• If your answer is no, follow the procedure for Section 411.072.

If your answer to Question 2 is no, proceed to Question 3.

If your answer to Question 2 is yes: Have you ever been previously convicted or placed on deferred adjudication for anything other than a fine-only traffic ticket (not including the offense you want to seal)?

  • If your answer is yes, proceed to Question 7.  
  • If your answer is no, follow the procedure for Section 411.0726.
  • If your answer to Question 3 is no, proceed to Question 4
  • If your answer is yes: Did you complete deferred adjudication for the felony?
    • If your answer is yes, that you were placed on deferred adjudication, follow the procedure for Section 411.0725.
    • If your answer is no, proceed to Question 6.

If your answer to Question 4 is yes, besides the offense you want to seal, have you ever been convicted or placed on deferred adjudication for any other offense (other than a fine-only traffic ticket)?

  • If your answer is yes, proceed to Question 6.
  • If your answer is no: Do you want to seal a DWI (driving while intoxicated) offense?
    • If your answer is yes, that you do want to seal a DWI, proceed to Question 5
  • If your answer is no: Do you want to seal any of the following convictions?:
    • Boating while intoxicated (Penal Code 49.06)
    • Flying while intoxicated (Alcohol Beverage Code Section 49.05)
    • Assembling or operating an amusement ride while intoxicated (Alcoholic Beverage Code Section 49.065)
    • Organized Crime (Penal Code Chapter 71)?
  • If your answer is yes, proceed to Question 6. 
  • If your answer is no: Were you placed on probation (also known as community supervision) for the offense you want to seal? (If you were placed on probation, answer "yes" even if you also had to go to jail or live under house arrest.)

If your answer to Question 5 is yes, besides the offense you want to seal, have you ever been convicted or placed on deferred adjudication for any other offense (other than a fine-only traffic ticket)?

  • If your answer is yes, proceed to question 7.
  • If your answer is no: Was your BAC (blood alcohol concentration) 0.15 or more?
    • If your answer is yes, proceed to Question 7.  
  • If your answer is no: Did your DWI offense involve an accident involving any other person, including a passenger in your own vehicle?
    • If your answer is yes, proceed to Question 7.
  • If your answer is no: Were you placed on probation (also known as community supervision) for the DWI offense? (If you were placed on probation, answer "yes" even if you also had to go to jail or live under house arrest.)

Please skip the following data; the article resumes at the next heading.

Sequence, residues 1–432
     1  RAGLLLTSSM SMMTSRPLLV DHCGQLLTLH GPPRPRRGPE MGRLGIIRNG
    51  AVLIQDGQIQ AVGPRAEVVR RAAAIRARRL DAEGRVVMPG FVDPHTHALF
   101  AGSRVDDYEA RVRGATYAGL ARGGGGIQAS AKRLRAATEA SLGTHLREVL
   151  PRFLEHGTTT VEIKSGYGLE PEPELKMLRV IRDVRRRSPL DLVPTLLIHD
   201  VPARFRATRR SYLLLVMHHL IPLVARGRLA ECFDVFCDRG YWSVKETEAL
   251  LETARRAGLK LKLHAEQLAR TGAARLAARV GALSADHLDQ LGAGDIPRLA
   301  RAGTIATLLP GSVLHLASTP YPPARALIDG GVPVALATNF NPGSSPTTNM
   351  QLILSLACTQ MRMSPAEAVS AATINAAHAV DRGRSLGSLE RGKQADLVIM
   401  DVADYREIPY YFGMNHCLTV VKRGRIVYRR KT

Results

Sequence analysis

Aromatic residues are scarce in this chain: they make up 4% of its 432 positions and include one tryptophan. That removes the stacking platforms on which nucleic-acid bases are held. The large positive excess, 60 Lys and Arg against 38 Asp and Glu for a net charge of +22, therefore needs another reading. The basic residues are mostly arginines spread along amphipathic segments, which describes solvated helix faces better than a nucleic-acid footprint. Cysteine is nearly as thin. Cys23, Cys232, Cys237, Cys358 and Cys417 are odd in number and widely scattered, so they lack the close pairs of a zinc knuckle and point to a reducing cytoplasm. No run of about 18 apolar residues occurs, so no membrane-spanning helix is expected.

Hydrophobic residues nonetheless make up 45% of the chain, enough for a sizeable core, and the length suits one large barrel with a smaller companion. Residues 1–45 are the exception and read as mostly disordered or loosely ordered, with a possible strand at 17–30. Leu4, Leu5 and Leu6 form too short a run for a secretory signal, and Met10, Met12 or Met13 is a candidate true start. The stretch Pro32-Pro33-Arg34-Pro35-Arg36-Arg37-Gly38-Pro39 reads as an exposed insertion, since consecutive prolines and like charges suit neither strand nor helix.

• If your answer is no, proceed to Question 7.
  • If your answer is yes: Do you want to seal any of the following?
    • Marijuana possession (Penal Code 481.121)
    • Delivery of marijuana (Penal Code 481.120)
    • Theft under $500 (Penal Code 31.03)
    • Prostitution (Penal Code 43.02)
  • If your answer is no, proceed to Question 7.
  • If your answer is yes: Did you help with a criminal investigation?
  • If your answer is no: Did law enforcement ask you to help with a criminal investigation but you did not because you were 1) too young, or 2) too damaged (mentally of physically) from your human trafficking experience?
    • If your answer is no, proceed to Question 7.
    • If your answer is yes, follow the procedure for Section 411.0728
  • If your answer is yes, follow the procedure for Section 411.0727
  • If your answer to Question 7 is no, proceed to Question 8.
  • If your answer is yes, follow the procedure for Section 411.0729.
  • If your answer is no to Question 8 and you answered all other applicable questions above, you do not qualify for a nondisclosure order

You may need one or more of the following documents, depending on your case, to help determine if you are eligible and to apply for an order of nondisclosure:

Checklist Steps

A copy of the judgment in your case

A signed order or document showing that the judge reduced your period of deferred adjudication community supervision (hereinafter “deferred adjudication”), community supervision (hereinafter “probation”), or confinement or granted an early termination of the same;

A signed order or document showing that you successfully completed your deferred adjudication or probation;

A signed order or judgment showing that the judge dismissed the proceedings and discharged you;

A signed order showing that the judge set aside the verdict in your case or permitted you to withdraw your plea and dismissed the accusation, complaint, information, or indictment against you in accordance with Section 20(a), Article 42.12, Code of Criminal Procedure; and

A signed order or judgment reflecting any affirmative findings made by the judge, including any finding that it is not in the best interest of justice for you to receive an automatic order of nondisclosure, any finding having to do with family violence, and any finding that requires you to register as a sex offender.